The foci of this chapter are the many troubling issues associated with indigenous student deaths at US and Canadian boarding/residential schools. These institutions were organized to strip students of their cultural traditions and loyalties, in preparation for assimilation into mainstream society. The cemetery of the Carlisle Indian Industrial School is used here as both case study and synecdoche, to address the larger geo-political and historical questions connected with this educational program of cultural genocide. By interweaving an investigation of physical changes to the cemetery with scrutiny of archival documents, the analysis reveals that behind the neat lines of cemetery stones stands a powerful but covert narrative of Native exclusion, segregation, and dispossession. The chapter argues that ongoing scrutiny of both the past and current physical site of the cemetery can supply information that is able (in part) to mitigate the silences, gaps, and pervasive deficiencies of the historical record.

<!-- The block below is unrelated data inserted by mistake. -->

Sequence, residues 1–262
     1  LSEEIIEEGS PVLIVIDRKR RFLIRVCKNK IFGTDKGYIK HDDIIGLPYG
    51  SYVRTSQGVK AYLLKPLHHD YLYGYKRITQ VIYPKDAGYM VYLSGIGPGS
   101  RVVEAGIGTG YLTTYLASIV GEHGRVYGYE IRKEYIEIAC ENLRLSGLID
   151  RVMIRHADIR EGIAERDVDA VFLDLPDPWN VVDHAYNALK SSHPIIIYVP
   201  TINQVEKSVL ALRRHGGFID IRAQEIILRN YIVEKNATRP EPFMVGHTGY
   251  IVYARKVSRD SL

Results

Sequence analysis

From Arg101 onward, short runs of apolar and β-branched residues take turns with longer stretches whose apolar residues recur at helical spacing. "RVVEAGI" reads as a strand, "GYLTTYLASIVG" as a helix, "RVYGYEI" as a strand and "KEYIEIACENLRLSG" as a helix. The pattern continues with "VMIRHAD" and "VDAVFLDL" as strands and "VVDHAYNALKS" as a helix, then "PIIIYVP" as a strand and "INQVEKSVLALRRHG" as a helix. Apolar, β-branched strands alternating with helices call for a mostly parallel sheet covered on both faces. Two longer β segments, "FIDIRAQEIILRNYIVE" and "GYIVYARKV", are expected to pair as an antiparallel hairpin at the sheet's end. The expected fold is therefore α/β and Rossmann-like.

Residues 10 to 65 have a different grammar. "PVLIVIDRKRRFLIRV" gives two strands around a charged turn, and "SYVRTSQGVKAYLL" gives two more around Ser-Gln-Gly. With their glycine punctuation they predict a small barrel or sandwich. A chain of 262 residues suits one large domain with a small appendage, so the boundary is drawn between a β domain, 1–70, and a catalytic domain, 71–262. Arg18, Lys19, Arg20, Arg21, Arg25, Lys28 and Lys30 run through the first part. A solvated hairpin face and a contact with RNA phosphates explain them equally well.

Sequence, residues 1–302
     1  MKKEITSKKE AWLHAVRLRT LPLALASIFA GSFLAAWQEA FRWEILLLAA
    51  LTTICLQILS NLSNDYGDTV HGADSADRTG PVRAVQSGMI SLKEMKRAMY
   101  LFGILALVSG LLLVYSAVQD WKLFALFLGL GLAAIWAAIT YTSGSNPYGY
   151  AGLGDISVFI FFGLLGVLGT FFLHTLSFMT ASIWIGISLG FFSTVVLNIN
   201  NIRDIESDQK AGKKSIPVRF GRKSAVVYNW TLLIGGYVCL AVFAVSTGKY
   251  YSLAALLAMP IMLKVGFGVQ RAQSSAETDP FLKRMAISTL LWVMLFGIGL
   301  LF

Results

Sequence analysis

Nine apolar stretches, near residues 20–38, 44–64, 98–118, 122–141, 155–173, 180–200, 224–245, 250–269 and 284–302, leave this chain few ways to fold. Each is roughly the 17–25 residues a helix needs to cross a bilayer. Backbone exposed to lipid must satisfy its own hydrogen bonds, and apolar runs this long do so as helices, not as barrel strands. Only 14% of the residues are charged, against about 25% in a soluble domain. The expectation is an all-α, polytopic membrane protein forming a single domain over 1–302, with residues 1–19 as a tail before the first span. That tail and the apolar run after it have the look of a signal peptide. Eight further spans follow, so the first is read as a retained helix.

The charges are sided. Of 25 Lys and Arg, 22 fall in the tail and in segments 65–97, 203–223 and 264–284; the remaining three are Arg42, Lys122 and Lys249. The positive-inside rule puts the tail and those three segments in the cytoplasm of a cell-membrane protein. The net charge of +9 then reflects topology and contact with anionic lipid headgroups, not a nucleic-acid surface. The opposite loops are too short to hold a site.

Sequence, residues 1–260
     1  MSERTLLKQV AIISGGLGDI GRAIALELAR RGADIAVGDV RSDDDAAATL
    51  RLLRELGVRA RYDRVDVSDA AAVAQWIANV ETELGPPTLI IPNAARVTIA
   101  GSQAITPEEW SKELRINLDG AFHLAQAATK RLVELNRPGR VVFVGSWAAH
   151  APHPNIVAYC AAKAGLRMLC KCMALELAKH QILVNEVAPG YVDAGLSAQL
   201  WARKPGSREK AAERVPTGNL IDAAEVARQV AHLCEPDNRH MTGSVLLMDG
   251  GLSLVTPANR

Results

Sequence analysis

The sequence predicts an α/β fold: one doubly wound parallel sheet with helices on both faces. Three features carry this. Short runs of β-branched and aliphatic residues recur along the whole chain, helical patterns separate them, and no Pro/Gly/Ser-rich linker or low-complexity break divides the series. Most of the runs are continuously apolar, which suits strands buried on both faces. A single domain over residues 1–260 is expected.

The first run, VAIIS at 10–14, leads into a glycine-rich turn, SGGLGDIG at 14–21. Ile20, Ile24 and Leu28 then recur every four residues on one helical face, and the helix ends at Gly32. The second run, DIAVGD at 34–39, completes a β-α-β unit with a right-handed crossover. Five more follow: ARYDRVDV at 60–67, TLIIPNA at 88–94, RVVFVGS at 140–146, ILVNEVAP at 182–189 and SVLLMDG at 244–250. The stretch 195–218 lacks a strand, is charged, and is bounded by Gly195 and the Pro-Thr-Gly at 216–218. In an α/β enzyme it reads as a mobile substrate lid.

|Title of host publication||A Companion to the Anthropology of Death|
|Number of pages||13|
|Publication status||Published - Apr 2018|
- Boarding/Residential schools